(But rather, what you do know that isn’t true!)
According to a recent report, investment returns over the past two decades show a stunning failure by individual investors. Over the period of June 30, 1999 – June 30, 2019 the average investor earned only 1.9% annual returns. Surprisingly, this was not because there was no opportunity. Actually, the reverse was true. During the same period the study reported that the S&P 500 earned 5.6%, bonds earned 4.5%, and real estate, gold and oil all earned over 7%. More troubling, inflation was 2.2%.
How can this be true? Behavioral economists point to a consistent theme: investor overconfidence. Many investors believe they know more than they do, or that their knowledge is more precise than it actually is. Focusing on short-term losses, these investors were blind to the more important pursuit of longer-term rewards. Practically speaking, this meant they often sold when the market was low and bought when the market was high. What they “knew” turned out to be wrong.
How do you protect yourself from overconfidence? Some depend upon friends or family to protect them, and that is a good place to begin. However, ask yourself this; “who among my friends and family understands my financial goals and is qualified to help me navigate the world of investments and strategies? After all, it’s a big responsibility, one that could change a relationship. Others rely on help they find on the internet. This advice is often very general—it has to be to gain enough viewers.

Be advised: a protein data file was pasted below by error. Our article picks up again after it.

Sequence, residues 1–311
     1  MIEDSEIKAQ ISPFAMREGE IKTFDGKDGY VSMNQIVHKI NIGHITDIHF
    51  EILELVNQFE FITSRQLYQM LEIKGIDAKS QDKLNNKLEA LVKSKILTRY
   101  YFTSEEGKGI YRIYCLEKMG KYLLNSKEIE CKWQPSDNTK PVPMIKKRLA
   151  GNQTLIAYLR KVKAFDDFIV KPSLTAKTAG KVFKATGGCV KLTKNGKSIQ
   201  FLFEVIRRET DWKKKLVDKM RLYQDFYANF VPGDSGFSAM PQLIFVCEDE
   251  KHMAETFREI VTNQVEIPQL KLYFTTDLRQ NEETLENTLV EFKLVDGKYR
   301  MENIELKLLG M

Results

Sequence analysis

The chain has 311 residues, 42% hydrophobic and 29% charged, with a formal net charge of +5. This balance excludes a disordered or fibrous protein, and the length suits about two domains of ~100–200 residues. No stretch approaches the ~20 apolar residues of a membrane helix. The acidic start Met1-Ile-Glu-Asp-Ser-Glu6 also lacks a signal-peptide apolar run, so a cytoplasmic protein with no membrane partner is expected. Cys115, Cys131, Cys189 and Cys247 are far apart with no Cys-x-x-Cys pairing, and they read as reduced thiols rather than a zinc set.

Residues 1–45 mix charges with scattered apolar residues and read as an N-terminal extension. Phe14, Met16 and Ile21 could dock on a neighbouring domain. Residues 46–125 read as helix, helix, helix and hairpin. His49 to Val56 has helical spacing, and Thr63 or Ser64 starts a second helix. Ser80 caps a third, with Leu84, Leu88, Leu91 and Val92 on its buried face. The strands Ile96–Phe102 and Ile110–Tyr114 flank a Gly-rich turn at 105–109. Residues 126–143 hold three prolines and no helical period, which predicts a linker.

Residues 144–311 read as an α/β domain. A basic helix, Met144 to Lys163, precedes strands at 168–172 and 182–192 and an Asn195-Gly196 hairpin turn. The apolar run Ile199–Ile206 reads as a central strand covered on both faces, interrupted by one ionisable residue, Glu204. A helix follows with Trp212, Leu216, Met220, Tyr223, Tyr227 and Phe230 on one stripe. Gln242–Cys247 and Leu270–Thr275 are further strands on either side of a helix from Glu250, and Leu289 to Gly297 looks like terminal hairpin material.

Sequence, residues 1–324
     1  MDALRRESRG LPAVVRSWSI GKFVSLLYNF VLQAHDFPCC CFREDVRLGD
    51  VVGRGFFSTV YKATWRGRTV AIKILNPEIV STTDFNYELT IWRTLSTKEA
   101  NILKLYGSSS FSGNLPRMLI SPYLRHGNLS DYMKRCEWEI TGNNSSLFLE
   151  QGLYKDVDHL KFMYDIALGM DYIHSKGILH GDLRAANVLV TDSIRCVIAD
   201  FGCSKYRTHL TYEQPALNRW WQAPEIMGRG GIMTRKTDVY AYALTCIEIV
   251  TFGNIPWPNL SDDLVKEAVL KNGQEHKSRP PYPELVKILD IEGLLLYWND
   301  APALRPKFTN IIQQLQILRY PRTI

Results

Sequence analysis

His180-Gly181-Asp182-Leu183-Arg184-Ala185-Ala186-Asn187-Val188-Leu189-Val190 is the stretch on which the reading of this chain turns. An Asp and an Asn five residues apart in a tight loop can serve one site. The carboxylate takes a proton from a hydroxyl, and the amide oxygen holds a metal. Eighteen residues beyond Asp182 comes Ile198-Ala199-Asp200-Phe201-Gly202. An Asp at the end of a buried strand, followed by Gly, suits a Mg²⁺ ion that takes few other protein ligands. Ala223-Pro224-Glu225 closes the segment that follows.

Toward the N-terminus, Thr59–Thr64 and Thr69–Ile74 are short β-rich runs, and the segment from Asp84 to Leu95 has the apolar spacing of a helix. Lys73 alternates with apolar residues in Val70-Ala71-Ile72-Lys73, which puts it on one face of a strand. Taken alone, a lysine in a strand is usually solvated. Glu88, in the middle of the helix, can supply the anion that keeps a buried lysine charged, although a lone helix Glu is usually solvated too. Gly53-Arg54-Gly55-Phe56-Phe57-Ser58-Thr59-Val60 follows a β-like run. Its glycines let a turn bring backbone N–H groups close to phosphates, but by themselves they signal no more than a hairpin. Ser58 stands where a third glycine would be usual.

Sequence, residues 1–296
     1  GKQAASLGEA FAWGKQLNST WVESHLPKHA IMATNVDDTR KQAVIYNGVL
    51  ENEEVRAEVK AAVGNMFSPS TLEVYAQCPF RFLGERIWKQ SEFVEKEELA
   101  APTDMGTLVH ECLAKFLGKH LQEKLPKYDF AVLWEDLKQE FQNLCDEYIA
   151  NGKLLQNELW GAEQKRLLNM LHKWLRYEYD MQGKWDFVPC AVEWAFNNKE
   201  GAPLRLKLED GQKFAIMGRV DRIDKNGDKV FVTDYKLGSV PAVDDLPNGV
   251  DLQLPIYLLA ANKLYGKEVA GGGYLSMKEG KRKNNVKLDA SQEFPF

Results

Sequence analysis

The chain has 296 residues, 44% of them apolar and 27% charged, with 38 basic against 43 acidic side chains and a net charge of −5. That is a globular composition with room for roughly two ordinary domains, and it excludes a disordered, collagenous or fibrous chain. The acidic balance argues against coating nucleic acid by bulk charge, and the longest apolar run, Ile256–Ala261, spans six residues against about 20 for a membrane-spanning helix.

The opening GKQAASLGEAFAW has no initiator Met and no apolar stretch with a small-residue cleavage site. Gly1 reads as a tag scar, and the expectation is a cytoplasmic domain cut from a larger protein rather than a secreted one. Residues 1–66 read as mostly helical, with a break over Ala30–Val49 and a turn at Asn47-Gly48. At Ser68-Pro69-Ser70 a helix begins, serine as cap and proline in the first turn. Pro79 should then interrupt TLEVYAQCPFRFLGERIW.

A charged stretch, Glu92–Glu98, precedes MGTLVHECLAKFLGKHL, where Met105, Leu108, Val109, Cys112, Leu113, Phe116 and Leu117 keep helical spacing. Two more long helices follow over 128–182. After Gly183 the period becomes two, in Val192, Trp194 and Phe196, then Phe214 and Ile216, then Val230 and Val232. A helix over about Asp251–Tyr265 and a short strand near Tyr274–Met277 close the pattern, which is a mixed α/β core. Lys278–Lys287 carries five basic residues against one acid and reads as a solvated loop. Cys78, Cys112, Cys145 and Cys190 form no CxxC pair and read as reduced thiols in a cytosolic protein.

At Goostree Financial Group, we have been helping our clients combat overconfidence for decades. Why should you be earning just a fraction of what your underlying investments do?
Source: Dalbar, cited by JP Morgan Asset Management based on data as of June 30, 2019, included in their 3Q 2019 GTM.